28 July 2010

Costa Rican Reflection

A little reflection on my vacation and a few answers to some FAQs:

What was the best thing I ate/How was the food:
I liked the food a lot. I love rice and beans and make it a lot here so their food was right up my alley. Since I didn't really seek out top restaurants on this trip, I got a great taste of what typical Costa Rican fare is like. I loved having fresh pineapple every morning for breakfast. And, while I enjoyed the gallo pinto a lot, the best rice dish I had was on my last night with my host family. My mamatica made arroz y pollo and it was delic. She said it is a dish often made for fiestas...AWWW! :)

What was the best thing about my vacation:
There are lots of great things about my trip. Interacting with other people who value the human experience. It was nice to know that we all had that common ground of being interested in volunteering and service work. I met some very cool people on my project and at Manuel Antonio. Also, I really enjoyed learning and trying out bits of Spanish. Lastly, the experience and exposure at La Carpio.

What would you rate your vacation:
Scale of 1-10: 9.5
Letter grade: A
Only changes/improvements I'd make would be to stay for at least 2 weeks and to make the volunteer project a bigger component.

What did you think about your volunteer experiences:
Loved it. I just wish it could've been a bigger portion of my trip. The hour commute each way cut down on how long we could spend there and I don't think the kids were there much longer than that anyways. But it would've been cool to do some other things too, like helping build something, clean, paint, etc. Walking into Carpio was a stunning experience, and the kids were great.

What did you think about your Spanish classes:
Loved them. My teacher, Hilda, a native Costa Rican, was totally great. It is tiring to have to concentrate on every word spoken for two hours, but such a fun, effective way to learn. I am making a goal to schedule time each week to continue working on my Spanish.

Do you miss it:
Yes. Totally should've done another week of volunteering and there's so much more to see in the rest of the country that will have to be left for my next visit (Arenal, Monteverde, waterfalls, Caribbean coast).

Worst thing about the vacation:
Hmm. Not much. Maybe just some frustration dealing with lesser technological development. Such as, power outages in Manuel Antonio, no cell phones & texting makes meeting up much more difficult and time consuming, a lack of ATM's, places not taking debit/credit cards, not having a car & relying on feet and public transportation, etc.
Also, even though it happened a week after I left, one of my friends was mugged at gunpoint a half-block from Maximo. :( A sad and scary reminder that all those cautions of crime in San Jose/San Pedro was not empty talk.

How was the weather:
It was the rainy season, so you had to be ready for that each afternoon. But the mornings were gorgeous. A tad cooler than here. But even if it was overcast, it was still pretty nice out. The sun came up early and went down early too.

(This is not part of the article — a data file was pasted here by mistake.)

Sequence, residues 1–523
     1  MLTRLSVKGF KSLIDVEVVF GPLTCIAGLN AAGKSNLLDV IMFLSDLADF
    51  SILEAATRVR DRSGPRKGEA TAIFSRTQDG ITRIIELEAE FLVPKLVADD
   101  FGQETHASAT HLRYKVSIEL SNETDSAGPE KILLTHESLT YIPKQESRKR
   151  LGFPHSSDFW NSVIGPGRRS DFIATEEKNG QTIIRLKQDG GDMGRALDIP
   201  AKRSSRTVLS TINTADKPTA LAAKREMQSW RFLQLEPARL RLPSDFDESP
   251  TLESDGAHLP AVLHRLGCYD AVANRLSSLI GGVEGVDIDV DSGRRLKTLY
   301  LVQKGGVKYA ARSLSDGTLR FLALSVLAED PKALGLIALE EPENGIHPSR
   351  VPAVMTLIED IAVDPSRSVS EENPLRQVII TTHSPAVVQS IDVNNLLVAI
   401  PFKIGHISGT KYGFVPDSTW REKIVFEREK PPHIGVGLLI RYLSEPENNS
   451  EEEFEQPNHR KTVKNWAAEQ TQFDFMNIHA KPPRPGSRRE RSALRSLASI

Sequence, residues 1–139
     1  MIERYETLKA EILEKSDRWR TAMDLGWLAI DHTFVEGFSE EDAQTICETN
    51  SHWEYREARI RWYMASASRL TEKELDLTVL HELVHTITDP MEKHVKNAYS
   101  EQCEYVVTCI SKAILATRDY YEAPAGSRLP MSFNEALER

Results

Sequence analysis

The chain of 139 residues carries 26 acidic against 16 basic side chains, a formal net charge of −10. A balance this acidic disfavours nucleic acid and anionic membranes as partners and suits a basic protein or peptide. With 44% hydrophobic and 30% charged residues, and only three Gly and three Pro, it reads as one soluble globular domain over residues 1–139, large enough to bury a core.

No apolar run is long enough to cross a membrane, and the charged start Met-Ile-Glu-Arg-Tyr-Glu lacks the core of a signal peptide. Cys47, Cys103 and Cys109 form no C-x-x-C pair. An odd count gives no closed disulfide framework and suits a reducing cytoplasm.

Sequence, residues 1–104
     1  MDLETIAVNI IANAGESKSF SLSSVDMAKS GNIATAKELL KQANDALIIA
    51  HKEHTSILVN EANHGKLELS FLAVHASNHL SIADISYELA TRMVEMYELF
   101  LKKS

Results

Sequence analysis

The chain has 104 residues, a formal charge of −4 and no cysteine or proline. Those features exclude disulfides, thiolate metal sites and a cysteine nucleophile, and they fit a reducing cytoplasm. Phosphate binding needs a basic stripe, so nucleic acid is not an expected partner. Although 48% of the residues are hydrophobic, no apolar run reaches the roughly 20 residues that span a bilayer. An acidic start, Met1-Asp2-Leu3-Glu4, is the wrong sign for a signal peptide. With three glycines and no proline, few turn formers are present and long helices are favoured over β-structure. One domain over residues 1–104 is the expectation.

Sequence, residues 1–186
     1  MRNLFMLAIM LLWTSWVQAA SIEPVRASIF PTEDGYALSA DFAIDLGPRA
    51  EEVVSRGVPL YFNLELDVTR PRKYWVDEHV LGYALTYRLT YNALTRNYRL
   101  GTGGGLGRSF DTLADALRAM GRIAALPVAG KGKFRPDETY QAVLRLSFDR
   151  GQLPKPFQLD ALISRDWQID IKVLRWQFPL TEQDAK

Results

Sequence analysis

How was your host family:
Fantastic. Couldn't have been better. For not being able to converse much, we got along fabulously. Great food, super accommodating & flexible.

Did you meet some cool people:
Besides a great host family, I also met great people working for Maximo Nivel and the other volunteers were wonderful people to get to know also.

Why aren't you super tan:
I believe in sunscreen. And I was only on the beach for a couple days.

Was it expensive:
Not really. My flight was paid for through credit card points and the registration fee was $220, and one week cost $250. I hardly spent any money during my week in San Jose/San Pedro. I changed $100 when I landed and still had ~$30 when I left for the coast. When I wasn't staying with my host family, we were staying in hostels for $10 a night.

Who did you go through/Would you go through them again:
International Volunteer Headquarters is the main organization and their prices are the best I've seen. They started in 2006 and I liked the story behind them. They use an in-country partner for their placements and Maximo Nivel was our basecamp in San Jose. The people, facilities, programs and services were top notch.

27 July 2010

Walk Across U.S.

I came across this video on a music blog, who was commenting on the great song used in it. And when you watch the video, you think, "Hmm, cool!" But after watching it a second time your brain starts to wonder a bit about how they got the smooth walking/turning/hand motion effects and how everything stayed so constant and steady. So after watching the video a couple times, watch this behind the scenes video. It makes it so much cooler. What an amazing roadtrip project. 2,770 photos. wow.

22 July 2010

Smiles Ahead [part 2]

I decided to reuse that title since it seemed pretty fitting for the last couple days. Lots of good things have been going on: